Nuclear pores enable sustained perinuclear calcium oscillations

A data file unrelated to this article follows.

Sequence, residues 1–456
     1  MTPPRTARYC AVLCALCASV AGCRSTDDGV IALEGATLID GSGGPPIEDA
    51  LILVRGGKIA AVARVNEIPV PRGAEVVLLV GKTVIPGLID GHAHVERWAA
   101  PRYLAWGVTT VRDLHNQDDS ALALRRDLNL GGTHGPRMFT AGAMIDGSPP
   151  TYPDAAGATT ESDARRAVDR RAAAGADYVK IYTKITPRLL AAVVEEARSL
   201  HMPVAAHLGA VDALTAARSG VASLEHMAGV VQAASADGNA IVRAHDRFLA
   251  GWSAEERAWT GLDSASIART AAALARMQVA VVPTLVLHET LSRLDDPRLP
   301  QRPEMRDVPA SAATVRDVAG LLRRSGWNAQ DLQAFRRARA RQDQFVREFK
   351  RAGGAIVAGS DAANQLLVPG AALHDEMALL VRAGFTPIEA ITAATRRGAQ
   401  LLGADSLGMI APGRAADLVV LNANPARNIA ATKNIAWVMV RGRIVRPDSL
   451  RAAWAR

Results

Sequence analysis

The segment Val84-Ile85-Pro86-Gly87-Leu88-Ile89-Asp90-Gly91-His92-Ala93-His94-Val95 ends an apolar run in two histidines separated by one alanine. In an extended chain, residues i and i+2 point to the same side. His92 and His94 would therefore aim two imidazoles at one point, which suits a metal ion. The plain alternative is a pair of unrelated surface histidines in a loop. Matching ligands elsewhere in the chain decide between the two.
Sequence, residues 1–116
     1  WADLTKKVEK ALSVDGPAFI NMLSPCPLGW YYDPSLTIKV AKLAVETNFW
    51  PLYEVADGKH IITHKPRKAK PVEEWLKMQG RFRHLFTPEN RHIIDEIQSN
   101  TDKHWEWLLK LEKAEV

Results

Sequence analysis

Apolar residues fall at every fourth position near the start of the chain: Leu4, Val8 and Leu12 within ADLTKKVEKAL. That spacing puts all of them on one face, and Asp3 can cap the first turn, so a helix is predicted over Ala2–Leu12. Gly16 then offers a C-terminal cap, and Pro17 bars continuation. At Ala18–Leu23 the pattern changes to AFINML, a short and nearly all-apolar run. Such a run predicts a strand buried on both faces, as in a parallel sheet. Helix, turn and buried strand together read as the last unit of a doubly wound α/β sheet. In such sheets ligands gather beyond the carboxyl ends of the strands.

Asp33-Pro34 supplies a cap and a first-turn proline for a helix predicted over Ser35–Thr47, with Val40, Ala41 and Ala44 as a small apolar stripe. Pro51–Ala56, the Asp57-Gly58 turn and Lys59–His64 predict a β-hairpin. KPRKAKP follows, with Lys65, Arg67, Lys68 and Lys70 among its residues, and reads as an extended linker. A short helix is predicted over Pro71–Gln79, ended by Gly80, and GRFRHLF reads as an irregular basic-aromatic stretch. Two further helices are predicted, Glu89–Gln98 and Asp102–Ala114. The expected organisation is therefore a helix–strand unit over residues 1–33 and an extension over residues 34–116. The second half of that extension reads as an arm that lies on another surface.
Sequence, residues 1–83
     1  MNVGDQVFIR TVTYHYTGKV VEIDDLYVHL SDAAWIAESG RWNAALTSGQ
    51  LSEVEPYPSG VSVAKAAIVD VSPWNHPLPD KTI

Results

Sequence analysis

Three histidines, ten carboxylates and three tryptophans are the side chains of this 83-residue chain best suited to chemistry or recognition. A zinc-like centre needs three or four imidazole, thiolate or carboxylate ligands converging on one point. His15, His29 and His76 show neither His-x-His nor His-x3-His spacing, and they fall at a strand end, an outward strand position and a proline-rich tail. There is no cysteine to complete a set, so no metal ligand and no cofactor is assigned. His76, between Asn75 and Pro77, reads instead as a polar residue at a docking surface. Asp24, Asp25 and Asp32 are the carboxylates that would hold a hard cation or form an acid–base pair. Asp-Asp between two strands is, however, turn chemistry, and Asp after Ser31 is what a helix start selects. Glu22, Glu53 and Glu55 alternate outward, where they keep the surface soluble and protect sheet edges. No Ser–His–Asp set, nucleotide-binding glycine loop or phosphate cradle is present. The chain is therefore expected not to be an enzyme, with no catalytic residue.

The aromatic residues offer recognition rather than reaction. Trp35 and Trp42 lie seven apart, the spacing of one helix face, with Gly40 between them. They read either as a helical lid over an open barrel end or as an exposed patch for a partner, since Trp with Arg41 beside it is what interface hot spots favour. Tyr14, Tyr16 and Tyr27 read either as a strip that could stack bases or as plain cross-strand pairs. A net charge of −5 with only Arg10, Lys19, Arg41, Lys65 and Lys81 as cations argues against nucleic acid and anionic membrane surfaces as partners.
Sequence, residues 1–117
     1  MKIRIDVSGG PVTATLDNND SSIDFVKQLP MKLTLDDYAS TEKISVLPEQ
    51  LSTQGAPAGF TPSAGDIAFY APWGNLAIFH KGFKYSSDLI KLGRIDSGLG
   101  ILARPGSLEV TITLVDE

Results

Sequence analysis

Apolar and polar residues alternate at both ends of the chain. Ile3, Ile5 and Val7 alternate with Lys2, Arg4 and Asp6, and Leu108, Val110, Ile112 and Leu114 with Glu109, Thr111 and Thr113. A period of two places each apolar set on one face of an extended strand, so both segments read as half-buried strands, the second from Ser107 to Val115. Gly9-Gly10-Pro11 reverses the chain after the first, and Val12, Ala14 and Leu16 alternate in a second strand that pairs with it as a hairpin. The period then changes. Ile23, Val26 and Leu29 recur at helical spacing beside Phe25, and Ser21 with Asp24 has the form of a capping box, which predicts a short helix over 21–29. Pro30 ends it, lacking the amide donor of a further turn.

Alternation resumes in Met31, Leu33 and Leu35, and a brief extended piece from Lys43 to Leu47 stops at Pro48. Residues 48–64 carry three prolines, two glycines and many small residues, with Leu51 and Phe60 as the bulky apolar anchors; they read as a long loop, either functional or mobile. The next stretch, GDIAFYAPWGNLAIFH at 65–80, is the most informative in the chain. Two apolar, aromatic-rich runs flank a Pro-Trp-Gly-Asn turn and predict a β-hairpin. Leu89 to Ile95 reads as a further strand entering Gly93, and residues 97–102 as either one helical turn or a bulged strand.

Calcium waves propagate inside cells due to a regenerative mechanism known as calcium-induced calcium release. Buffer-mediated calcium diffusion in the cytosol plays a crucial role in the process. However, most models of calcium waves either treat buffers phenomenologically or assume that they are in equilibrium with calcium (the rapid buffering approximation). In this article we address the issue of whether this approximation provides a good description of wave propagation. We first compare the timescales present in the problem, and determine the situations in which the equilibrium hypothesis fails. We then present a series of numerical studies based on the simple fire-diffuse-fire model of wave propagation. We find that the differences between the full and reduced descriptions may lead to errors that are above experimental resolution even for relatively fast buffers in the case of saltatory waves. Conversely, in the case of continuous waves, the approximation may give accurate results even for relatively slow buffers.